By Brandon Matthews
I’m growing increasingly concerned that no amount of net positive news, seems to be allowing for Sirius XM shares to break out of their current range. Even Howard Stern news Friday was not enough for Sirius XM (NASDAQ:SIRI) to break out. Although share prices shot up above resistance early Friday, they were pulled back below a previous double top at $1.41 to close at $1.38. With anticipated news that Sirius XM will be added to NASDAQ 100 Friday, and a new Apple (NASDAQ:AAPL) operating system waiting to be introduced which will allow for subscriptions to be made directly through iTunes, I have to wonder why the stock cannot gather any strength.
First take a look at the chart below. If we take out the Howard Stern anomaly of Thursday (in green) and the apparent shakeout pattern that led up to it, we see a pattern in which higher bottoms (green arrow) were converging on a flat top of $1.41. Normally, this would indicate that supply was weakening, yet suddenly shares fell from $1.40 to $1.31 (highlighted in red). Demand exhausted itself and supply took over, somewhat unexpectedly.
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When I see something like this, my first reaction is to immediately look to the new car market. I recently wrote that new car sales were being portrayed as better than they actually are. This was not a popular opinion, and the following is likely to be met with similar knee-jerk resistance.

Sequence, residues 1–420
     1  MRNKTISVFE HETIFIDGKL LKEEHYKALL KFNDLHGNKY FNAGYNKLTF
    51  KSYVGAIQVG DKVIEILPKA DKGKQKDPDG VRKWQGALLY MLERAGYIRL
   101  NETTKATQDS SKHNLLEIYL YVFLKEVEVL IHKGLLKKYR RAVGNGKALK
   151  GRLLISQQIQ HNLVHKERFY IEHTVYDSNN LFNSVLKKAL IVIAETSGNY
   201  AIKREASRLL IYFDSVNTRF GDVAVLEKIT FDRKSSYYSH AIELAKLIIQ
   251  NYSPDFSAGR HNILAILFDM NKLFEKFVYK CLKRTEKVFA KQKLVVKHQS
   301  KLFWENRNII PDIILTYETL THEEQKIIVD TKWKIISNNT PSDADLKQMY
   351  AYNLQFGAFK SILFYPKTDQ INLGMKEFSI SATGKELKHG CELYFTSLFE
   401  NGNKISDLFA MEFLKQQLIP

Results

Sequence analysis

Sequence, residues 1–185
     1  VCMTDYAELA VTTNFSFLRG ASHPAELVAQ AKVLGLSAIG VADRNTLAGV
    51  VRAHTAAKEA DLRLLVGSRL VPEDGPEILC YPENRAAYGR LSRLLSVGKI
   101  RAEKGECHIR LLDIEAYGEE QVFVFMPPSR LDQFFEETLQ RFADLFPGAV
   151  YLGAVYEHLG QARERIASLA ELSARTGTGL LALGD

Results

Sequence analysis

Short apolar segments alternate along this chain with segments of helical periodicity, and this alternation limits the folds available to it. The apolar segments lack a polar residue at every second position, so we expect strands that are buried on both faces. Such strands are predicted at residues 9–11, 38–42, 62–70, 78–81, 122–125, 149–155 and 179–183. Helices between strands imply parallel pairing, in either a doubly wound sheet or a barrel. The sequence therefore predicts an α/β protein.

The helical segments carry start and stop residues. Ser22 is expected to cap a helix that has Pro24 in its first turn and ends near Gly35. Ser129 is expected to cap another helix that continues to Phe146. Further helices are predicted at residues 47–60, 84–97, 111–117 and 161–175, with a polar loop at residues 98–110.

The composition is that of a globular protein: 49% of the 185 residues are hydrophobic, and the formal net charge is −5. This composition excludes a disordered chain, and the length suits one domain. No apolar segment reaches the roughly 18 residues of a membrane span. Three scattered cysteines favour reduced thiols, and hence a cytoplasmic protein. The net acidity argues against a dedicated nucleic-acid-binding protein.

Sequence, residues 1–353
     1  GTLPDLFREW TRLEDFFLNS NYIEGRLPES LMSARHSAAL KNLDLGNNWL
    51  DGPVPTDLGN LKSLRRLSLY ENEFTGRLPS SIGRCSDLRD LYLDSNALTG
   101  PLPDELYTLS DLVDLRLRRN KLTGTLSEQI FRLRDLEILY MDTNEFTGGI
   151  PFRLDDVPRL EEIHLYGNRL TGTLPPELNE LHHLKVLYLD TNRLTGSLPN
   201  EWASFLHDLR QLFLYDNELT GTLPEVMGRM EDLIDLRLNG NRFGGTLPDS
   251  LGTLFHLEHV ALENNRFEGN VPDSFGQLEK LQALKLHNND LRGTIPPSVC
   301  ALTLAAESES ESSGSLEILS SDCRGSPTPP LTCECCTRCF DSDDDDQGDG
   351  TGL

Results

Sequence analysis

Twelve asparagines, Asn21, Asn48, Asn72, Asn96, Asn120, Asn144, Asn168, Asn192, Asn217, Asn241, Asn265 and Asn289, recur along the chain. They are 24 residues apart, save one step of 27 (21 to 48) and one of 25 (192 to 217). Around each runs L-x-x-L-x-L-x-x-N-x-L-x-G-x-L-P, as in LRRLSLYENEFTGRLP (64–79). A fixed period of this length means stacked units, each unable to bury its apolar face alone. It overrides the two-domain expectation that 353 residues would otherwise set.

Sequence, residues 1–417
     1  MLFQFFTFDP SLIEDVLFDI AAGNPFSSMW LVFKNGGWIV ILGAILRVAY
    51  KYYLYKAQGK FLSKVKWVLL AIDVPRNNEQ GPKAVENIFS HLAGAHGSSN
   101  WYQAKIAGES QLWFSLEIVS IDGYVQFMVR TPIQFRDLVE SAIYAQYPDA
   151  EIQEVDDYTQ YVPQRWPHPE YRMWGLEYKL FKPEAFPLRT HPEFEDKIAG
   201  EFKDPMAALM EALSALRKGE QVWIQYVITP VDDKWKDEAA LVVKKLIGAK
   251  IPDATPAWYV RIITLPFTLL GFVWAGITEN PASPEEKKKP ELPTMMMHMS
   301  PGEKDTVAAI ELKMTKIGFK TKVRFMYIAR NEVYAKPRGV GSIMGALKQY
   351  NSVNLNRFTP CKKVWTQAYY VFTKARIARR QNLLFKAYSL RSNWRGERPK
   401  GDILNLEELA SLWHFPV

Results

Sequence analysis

Edmunds.com wrote that subprime lending deals are “booming,” based on a report from Experian. Bear in mind that this Expedia report of “booming” lending in the subprime arena was probably released on the day that Sirius XM shares fell. Hmmm. The devil is in the details, and quite frankly the only thing “booming,” is the rate in which consumers are avoiding new car purchases.
Against a trend of overall new car sales declines, the average credit score of consumers declined for the first time since 2007. The average credit score for new car purchases dropped SIX points, while the average credit score for used car purchases dropped a whopping ONE point. How bad would November sales have been without this nominal uptick in subprime lending? Despite the zero percent financing deals available, new car financing dropped 8.7% from a year ago, and sales one year ago were just plain ugly.
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Despite higher priced loans this year, the loan balances of financial institutions are plummeting. In the third quarter, the average loan financed increased $2500.00 over the third quarter of 2009. Yet the total outstanding automotive loan balance dropped $23 BILLION in the same period, which Edmunds describes as “another indicator consumers are not replacing existing vehicles in their households.”
With unemployment back on the rise, real inflation driving Americans into poverty, and a Congress unwilling to compromise on taxes despite a threat of a double dip recession if it does not act, a true recovery in U.S. auto sales is likely to be put on hold once again. This creates fear and uncertainty which will keep Sirius XM investors at bay, and may offset any potential catalysts for significant share price appreciation in the near term.
Disclosure: I am long SIRI.